By Amwolf Jung. Home Decoration. Published at Friday, April 12th, 2019 - 08:56:45 AM.
Highlighting quality always helps. A design done well—whether its a fresh aesthetic, harmonious colors, layout with good circulation, or perfect installation—is likely to impress, even if its not in the buyers taste. “If you do anything really well and make consistent choices throughout a home, you can usually get away with them and appeal to a wide circle,” says New York-based designer Carolyn DiCarlo. Pogonitz agrees, noting a common reaction to the excellent execution of a wild design is “I can live with this for a while.” In one kitchen she updated eight years ago, Cheryl Kees Clendenon, owner of In Detail in Pensacola, Fla., made novel but quality choices not widely used then (though increasingly common now). “I painted upper and lower cabinets different shades and installed a glass countertop on an island. Some real estate salespeople seemed nervous, but the savvy listing agent played up that it was a custom design. It sold right away,” she says.
Until recently, design shows and magazines have suggested using vibrant colors, graphic patterns, and layers of texture solely in home accessories and other areas than can be easily and affordably changed. But now the more permanent, pricier parts of a kitchen are going bold and idiosyncratic. Appliance fronts and entire ranges sport red, blue, and yellow hues rather than neutral stainless steel, white, or black. Big Chill Appliances in Boulder, Colo., says its most popular custom colors are beach blue, cherry red, and buttercup yellow. Backsplashes display graphic patterns in large, colorful tiles instead of spa-calming solid white, gray, and pale blue in diminutive subway tiles. And even countertops are getting in on the act with swirling, exotic designs from Formica and other manufacturers. The trends being seen in cabinetry—often the most visible and costly part of a kitchen remodel—include deep blues, greens, and even red paint choices, a stark contrast to the former safer bets of white or pale wood. Textured, highly decorative wallpaper has returned too, after years of being banished. And everywhere, black—or navy—is the new gray, according to Chicago designer Rebecca Pogonitz, owner of GoGo Design Group.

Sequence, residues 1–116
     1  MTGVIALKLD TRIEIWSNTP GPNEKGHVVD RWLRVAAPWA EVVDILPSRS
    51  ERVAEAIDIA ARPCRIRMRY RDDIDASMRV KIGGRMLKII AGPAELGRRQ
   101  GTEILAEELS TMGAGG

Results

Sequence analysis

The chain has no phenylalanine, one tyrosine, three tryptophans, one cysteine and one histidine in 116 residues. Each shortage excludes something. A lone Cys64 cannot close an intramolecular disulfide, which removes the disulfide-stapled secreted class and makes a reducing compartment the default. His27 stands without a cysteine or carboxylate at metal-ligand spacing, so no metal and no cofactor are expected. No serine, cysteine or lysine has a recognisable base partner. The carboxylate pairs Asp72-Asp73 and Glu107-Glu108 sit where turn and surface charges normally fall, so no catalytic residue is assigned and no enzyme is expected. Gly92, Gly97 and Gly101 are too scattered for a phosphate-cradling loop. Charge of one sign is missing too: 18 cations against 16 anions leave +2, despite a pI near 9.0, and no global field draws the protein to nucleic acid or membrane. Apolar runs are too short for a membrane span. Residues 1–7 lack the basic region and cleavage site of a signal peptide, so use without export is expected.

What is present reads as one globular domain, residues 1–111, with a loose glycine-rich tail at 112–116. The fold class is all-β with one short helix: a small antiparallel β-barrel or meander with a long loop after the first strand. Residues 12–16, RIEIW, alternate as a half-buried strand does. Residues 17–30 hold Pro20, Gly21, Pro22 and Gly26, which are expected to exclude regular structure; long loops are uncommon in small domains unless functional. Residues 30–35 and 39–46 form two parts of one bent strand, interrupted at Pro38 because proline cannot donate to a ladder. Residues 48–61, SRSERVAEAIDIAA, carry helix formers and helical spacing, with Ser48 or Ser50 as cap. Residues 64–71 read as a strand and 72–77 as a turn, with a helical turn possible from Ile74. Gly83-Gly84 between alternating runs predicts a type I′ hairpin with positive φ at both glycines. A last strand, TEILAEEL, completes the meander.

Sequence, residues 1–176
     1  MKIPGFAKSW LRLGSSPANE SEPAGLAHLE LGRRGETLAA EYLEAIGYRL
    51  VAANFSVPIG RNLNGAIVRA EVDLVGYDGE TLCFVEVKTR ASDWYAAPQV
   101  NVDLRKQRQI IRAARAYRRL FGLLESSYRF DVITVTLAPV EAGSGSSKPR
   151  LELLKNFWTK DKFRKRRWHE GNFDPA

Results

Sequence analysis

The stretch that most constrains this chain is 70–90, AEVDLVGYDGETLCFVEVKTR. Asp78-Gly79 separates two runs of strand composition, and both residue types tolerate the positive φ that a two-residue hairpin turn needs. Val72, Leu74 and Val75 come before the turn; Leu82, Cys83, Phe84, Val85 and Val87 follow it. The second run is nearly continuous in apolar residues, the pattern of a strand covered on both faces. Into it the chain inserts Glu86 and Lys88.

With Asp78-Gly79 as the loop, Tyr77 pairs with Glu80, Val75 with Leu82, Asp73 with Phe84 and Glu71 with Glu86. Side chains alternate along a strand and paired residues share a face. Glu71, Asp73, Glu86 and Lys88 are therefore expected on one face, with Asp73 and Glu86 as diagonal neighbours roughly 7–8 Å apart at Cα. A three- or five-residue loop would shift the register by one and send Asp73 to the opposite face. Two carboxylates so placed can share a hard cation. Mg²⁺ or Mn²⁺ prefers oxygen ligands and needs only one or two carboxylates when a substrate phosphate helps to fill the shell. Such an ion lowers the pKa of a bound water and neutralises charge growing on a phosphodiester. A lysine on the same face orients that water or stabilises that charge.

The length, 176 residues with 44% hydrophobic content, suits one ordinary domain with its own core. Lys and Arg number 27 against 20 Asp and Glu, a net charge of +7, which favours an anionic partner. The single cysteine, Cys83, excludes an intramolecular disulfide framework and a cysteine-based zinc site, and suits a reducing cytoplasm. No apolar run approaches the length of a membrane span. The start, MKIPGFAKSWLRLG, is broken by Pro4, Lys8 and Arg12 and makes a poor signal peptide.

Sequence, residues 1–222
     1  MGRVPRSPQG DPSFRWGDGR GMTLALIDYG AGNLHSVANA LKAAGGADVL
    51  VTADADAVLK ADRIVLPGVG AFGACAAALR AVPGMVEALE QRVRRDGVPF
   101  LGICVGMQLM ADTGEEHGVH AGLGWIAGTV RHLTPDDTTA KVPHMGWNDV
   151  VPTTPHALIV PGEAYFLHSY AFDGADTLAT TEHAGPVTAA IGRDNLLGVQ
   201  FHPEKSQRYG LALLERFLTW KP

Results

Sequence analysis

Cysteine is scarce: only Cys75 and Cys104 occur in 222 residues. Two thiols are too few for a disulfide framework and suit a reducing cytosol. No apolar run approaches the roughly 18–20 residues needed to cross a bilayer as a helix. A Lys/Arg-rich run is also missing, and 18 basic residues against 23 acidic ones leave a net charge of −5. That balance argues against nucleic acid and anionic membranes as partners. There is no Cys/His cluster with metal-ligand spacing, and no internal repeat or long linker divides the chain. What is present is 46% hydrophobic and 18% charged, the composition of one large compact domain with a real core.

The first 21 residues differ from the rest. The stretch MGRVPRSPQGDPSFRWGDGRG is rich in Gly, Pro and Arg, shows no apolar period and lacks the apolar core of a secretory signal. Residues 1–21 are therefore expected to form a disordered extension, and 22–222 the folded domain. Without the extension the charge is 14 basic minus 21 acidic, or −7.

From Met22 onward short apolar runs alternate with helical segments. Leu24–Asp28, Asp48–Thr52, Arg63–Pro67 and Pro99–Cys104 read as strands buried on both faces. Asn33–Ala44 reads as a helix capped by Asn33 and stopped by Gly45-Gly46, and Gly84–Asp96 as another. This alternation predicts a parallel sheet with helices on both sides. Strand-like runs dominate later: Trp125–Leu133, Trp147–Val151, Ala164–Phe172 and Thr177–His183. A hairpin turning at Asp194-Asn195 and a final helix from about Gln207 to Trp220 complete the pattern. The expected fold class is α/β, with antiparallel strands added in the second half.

Know your markets tastes. Understand what appeals to buyers by learning which kitchen features have helped area listings sell. And if theyre present in your listing, make sure you play them up in marketing and photographs. “Youre helping to sell a lifestyle,” says Nashville-based stager and designer Kristie Barnett. Differences exist, between cities and even within them. Chicago designer Alisa Bloom, who used to flip houses, says that while the stainless steel and brass range she purchased for her home might scare off some heartland buyers, it could be a major selling point in New York or Paris. Yet for Pogonitzs on-trend Chicago clients, wild backsplashes have become a status symbol. In hipster-centric Hoboken and Brooklyn, a large cohort were drawn to the bright green kitchen countertops in a recent Jill Biggs Group listing. In New York, theres wide variation. What appeals about a downtown Manhattan loft, such as its openness and industrial vibe from edgy, rough materials, may be very different from whats considered chic in a proper, polished, and conservatively furnished uptown Park Avenue apartment, says broker Ian Katz, founder of the Ian K. Katz Group in New York.
Most design professionals agree that wallpaper can be an exciting alternative to spice up a few rooms—in moderation. “Too much wallpaper makes a house dizzying just as painting each room a very different, dramatic hue can,” Segal says. Most often, wallpaper is used best in entryways, powder rooms, dining rooms, and master bedrooms, says Rebecca Pogonitz of GOGO Design Group outside Chicago. New York–based designer Jody Sokol prefers to limit paper to two rooms on the main floor of a two-story home. In a one-story house or apartment, she thinks it fine to paper a few more areas as long as adjoining rooms flow together with the same paint color, eliminating choppiness.
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